FILED: June 24, 2009







Deschutes County Circuit Court

A. Michael Adler, Judge.

Argued and submitted on February 26, 2009, Portland Community College, Portland.

Erica Herb, Deputy Public Defender, argued the cause for appellant.  With her on the brief was Peter Gartlan, Chief Defender, Legal Services Division, Office of Public Defense Services.

Inge D. Wells, Senior Assistant Attorney General, argued the cause for respondent.  With her on the brief were Hardy Myers, Attorney General, and Mary H. Williams, Solicitor General.

Before Haselton, Presiding Judge, and Armstrong, Judge, and Rosenblum, Judge.




Defendant appeals from a judgment of conviction for one count of criminal mistreatment in the second degree, ORS 163.200(1)(a), assigning error to the trial court's denial of her motion for a judgment of acquittal (MJOA).  Defendant asserts that the state failed to present legally sufficient evidence that she "with[held] necessary and adequate * * * physical care or medical attention" from the victim.  Id.  As explained below, we conclude that defendant's conduct in moving the victim to the home of her friend without the victim's prescription medications constituted "withhold[ing] necessary and adequate * * * medical attention" within the meaning of the criminal mistreatment statute because it precluded the victim from receiving those medications at the prescribed time.  Consequently, we affirm.

We review the denial of an MJOA to determine whether, after viewing the facts in the light most favorable to the state, a rational trier of fact could have found the essential elements of the crime proved beyond a reasonable doubt.  State v. Cunningham, 320 Or 47, 63, 880 P2d 431 (1994), cert den, 514 US 1005 (1995).  Although defendant moved for a judgment of acquittal at the close of the state's evidence, we consider the whole record to determine whether there is sufficient corroborative evidence.  See State v. Lamphere, 233 Or 330, 332, 378 P2d 706 (1963) (when error is assigned to the denial of an MJOA, appellate courts consider the whole record to determine whether there is sufficient evidence to support a conviction).  Consistently with that standard of review, the operative facts are as follows.

In May 2000, Willy Lackey contacted his nephews, Ray and Mark Lackey, and requested that they help care for him because he was elderly and could no longer live alone.(1)  Willy suffered from congestive heart failure, blood pressure problems, depression, anxiety, and prostate cancer, and was experiencing signs of early dementia.  Willy also had chronic edema--retention of fluids and swelling--in his lower extremities.  The nephews moved Willy from Montana to Mark's house in Redmond.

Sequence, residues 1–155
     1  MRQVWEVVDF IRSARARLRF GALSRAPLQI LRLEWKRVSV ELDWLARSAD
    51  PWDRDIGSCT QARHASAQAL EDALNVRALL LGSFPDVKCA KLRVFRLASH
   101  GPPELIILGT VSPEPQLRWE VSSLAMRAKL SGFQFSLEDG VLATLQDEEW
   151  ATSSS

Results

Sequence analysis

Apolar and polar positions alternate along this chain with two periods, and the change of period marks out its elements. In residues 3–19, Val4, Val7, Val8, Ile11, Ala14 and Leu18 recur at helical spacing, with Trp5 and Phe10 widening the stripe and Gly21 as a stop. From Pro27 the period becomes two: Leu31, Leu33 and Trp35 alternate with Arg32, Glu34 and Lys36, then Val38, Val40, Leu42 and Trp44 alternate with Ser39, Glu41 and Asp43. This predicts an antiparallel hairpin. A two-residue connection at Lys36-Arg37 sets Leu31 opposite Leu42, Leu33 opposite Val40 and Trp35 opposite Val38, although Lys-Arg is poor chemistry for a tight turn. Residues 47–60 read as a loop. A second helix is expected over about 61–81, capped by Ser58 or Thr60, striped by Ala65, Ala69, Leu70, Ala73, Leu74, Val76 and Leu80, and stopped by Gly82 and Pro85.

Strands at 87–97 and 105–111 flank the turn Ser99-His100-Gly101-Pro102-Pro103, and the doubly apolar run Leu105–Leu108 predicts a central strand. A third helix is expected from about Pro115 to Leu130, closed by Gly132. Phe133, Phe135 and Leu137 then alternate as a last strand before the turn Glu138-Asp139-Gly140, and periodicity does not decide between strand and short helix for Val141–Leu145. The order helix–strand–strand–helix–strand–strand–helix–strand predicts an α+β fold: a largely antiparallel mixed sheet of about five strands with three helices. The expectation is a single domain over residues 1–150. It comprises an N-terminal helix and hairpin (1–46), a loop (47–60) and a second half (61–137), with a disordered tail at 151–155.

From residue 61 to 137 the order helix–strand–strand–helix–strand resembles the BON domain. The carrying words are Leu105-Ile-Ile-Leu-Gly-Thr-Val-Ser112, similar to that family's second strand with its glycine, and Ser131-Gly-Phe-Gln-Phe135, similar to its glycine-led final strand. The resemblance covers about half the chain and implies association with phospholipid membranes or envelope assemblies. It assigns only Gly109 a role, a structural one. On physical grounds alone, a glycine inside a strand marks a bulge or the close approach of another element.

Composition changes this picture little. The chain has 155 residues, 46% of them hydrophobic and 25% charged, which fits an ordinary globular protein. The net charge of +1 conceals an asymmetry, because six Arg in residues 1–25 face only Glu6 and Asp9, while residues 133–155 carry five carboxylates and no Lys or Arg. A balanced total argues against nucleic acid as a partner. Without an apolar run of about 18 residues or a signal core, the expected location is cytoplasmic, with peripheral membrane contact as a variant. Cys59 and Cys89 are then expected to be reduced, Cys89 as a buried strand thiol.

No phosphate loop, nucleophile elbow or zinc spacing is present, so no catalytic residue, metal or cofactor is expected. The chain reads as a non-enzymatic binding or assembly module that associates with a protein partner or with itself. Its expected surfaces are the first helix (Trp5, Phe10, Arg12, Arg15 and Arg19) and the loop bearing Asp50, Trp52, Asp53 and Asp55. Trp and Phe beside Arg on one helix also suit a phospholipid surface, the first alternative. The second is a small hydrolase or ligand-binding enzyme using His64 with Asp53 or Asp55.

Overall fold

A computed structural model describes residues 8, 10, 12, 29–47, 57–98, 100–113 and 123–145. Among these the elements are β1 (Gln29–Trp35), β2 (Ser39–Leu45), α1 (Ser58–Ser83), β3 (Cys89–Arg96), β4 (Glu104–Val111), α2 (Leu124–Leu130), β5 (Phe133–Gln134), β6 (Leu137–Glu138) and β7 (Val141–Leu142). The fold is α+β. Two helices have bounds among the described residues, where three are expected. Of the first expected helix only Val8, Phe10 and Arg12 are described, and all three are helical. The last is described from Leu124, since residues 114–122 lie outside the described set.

In August 2000, Willy was diagnosed with terminal lung cancer, and his physician referred him to hospice for care.  In September 2000, Mark hired defendant as Willy's caregiver.  Shortly thereafter, defendant moved into Mark's home to provide Willy with 24-hour care.

Defendant was responsible for, among other duties, administering Willy's medications.  Willy took two diuretics to remove extra fluids--one in the morning and one twice a day--plus a blood pressure or heart medication once a day.  Willy also took two "p.r.n."(2) (as necessary) medications:  an antianxiety medication and morphine.  The morphine was prescribed for Willy's "pain from his cancer" and "decrease[d] the work that [Willy's] heart ha[d] to do in congestive heart failure."  Willy was on morphine, which could be dispensed up to once every hour, "multiple times a day."  Although Willy's mobility was impaired and he could not leave the house independently, he was lucid and able to communicate.

In December 2000, defendant began to have problems and disagreements with Mark regarding Willy's care.  Those disagreements culminated in an incident in January 2001 in which Willy became upset and unhappy with Mark and sided with defendant.  Sometime thereafter, Willy began expressing a strong desire to return to Montana.  Defendant, along with Brookshire, a high school friend of Mark's, made a plan to take Willy back to Montana.  Brookshire purchased a motor home for the trip in late January.

Willy's family was not informed of that plan.  Although hospice nurses were aware that Willy wanted to go to Montana and had discussed options with Willy, defendant did not involve hospice in her plan.  Willy's physician also was not informed of defendant's plan and testified at trial that it would not have been in Willy's best interests to travel to Montana without first checking in with either the physician or hospice.